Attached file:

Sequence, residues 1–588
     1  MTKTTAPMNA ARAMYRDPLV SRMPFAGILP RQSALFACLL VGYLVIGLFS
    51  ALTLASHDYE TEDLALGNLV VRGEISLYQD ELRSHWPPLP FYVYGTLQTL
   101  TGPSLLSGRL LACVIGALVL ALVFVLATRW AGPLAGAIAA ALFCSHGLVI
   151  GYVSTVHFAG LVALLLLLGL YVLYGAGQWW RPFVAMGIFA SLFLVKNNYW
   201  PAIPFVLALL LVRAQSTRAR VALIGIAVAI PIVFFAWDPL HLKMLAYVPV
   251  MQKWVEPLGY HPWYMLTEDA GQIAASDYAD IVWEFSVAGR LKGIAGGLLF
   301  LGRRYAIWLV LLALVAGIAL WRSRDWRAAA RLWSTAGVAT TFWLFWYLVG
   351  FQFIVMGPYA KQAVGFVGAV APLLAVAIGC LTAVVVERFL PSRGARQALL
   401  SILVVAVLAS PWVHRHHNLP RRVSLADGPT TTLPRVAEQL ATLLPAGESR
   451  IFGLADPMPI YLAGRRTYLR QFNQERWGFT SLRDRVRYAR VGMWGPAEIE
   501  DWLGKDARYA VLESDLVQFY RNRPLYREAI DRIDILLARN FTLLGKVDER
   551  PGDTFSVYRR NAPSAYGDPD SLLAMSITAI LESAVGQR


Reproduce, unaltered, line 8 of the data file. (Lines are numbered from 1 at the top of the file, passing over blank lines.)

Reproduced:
   301  LGRRYAIWLV LLALVAGIAL WRSRDWRAAA RLWSTAGVAT TFWLFWYLVG